The High and the Mighty

The High and the Mighty

The High and the Mighty‘ is a 1954 American aviation disaster film, directed by William A. Wellman, and written by Ernest K. Gann, who also wrote the 1953 novel on which his screenplay was based. John Wayne stars as a veteran airline first officer, Dan Roman, whose airliner has a catastrophic engine failure while crossing the Pacific Ocean.

The film was produced nearly two decades before ‘Airport’ and its sequels (along with the ‘Airplane!’ parodies, the first of which featured Robert Stack lampooning himself). The ‘High and the Mighty’ served as a template for later disaster-themed films such as the ‘Airport’ series (1970–79), ‘The Poseidon Adventure’ (1972), ‘The Towering Inferno’ (1974), ‘The Hindenburg’ (1975), and ‘Titanic’ (1997).

In Honolulu, a DC-4 airliner prepares to take off for San Francisco with 17 passengers and a crew of 5. Former captain Dan Roman (John Wayne), the flight’s veteran first officer, known for his habit of whistling, is haunted by an air crash that killed his wife and son and left him with a permanent limp. The captain, John Sullivan (Robert Stack), suffers from a secret fear of responsibility after logging thousands of hours looking after the lives of passengers and aircrew. Young second officer Hobie Wheeler (William Campbell) and veteran navigator Lenny Wilby (Wally Brown) are contrasts in age and experience.

Flight attendant Spalding (Doe Avedon) attends to her passengers, each with varying personal problems, including jaded former actress May Holst (Claire Trevor), unhappily married heiress Lydia Rice (Laraine Day), aging beauty queen Sally McKee (Jan Sterling), and cheerful vacationer Ed Joseph (Phil Harris). Spalding befriends the terminally ill Frank Briscoe (Paul Fix) after being charmed by his pocket watch. A last-minute arrival, Humphrey Agnew (Sidney Blackmer), causes the aircrew concern with his odd behavior.

After a routine departure, the airliner experiences sporadic, sudden vibrations. Although the aircrew senses that something may be wrong with the propellers, they cannot locate a problem. When a vibration causes Spalding to burn her hand, Dan inspects the tail compartment but still finds nothing wrong.

After nightfall, as the airliner passes the point of no return, Agnew confronts fellow passenger Ken Childs (David Brian), accusing him of having an affair with Agnew’s wife. The men struggle and Agnew pulls out a pistol, intending to shoot Childs, but before he can do so, the airliner swerves violently when it loses a propeller and its engine catches fire. The crew quickly extinguishes the fire, but the engine has twisted off its mounting. In mid-ocean, the aircrew radios for help and sets in motion a rescue operation. Dan discovers that the airliner is now losing fuel from additional damage to a wing tank. That, combined with adverse winds and the increased drag of the damaged engine, means that the airliner will eventually run out of fuel and be forced to ditch.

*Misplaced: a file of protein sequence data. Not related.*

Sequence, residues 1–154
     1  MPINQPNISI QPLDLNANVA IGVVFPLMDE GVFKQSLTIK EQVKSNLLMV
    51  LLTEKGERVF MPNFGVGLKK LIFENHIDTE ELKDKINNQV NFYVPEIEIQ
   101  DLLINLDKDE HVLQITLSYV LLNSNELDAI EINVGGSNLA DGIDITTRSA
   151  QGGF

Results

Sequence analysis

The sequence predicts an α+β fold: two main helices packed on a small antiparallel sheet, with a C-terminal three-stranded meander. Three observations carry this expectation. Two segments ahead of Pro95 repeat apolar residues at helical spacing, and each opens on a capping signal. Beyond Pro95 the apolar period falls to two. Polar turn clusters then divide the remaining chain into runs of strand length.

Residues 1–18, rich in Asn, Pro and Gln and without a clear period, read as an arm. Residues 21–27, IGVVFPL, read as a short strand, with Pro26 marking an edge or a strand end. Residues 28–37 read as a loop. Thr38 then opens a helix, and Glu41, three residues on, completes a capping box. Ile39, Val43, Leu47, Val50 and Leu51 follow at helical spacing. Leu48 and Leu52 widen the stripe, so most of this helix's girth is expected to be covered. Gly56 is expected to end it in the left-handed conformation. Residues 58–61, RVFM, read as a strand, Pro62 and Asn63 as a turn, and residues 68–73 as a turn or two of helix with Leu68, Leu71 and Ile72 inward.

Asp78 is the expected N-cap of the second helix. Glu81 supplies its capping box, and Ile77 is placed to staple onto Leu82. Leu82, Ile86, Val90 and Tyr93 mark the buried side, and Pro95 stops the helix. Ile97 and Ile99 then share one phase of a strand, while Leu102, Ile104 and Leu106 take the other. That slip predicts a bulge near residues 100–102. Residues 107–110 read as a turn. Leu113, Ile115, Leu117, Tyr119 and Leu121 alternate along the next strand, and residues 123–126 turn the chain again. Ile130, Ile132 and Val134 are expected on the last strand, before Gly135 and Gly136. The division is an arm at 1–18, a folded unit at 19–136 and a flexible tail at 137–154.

Unassuming José Locota (John Qualen) disarms Agnew and confiscates the pistol, compelling him to sit quietly. Gustave Pardee (Robert Newton), who up until now has made no secret of his fear of flying, inspires calm in his terrified fellow passengers. Dan calmly explains the situation, trying to lessen their anxiety, but warns that their chances of making the coast are ‘one in a thousand.’ The passengers rally around each other and find changed perspectives about their existing problems. They toss luggage from the airliner to lighten its weight, with May Holst literally kissing her mink coat goodbye.

In San Francisco, Manager Tim Garfield (Regis Toomey) comes to the airline’s operations center but is not sanguine about the airliner’s chances. A favorable change in the winds raises the crew’s hopes that they have just enough fuel to reach San Francisco, but Wilby discovers that he made an elementary error in navigation and their actual remaining time in the air remains inadequate.

Dan’s experience tells him that their luck would be better trying to make land than ditching in rough seas at night. Sullivan panics and prepares to ditch immediately, but Dan slaps him back to his senses. Thinking clearly again, Sullivan decides against ditching. As the airliner approaches rain-swept, night time San Francisco at a perilously low altitude, the airport prepares for an emergency instrument landing. The airliner narrowly surmounts the city’s hills and breaks out of the clouds with the runway lights dead ahead, guiding them to a safe landing. As the passengers disembark, Garfield watches their reactions as they are harried by reporters. After the tumult dies down, he joins the aircrew inspecting their damaged engine and informs Dan that only 30 gallons of fuel remained in their tanks. Dan acknowledges the gamble they took and walks away, limping and whistling into the night. ‘So long…you ancient pelican,’ Garfield mutters to himself.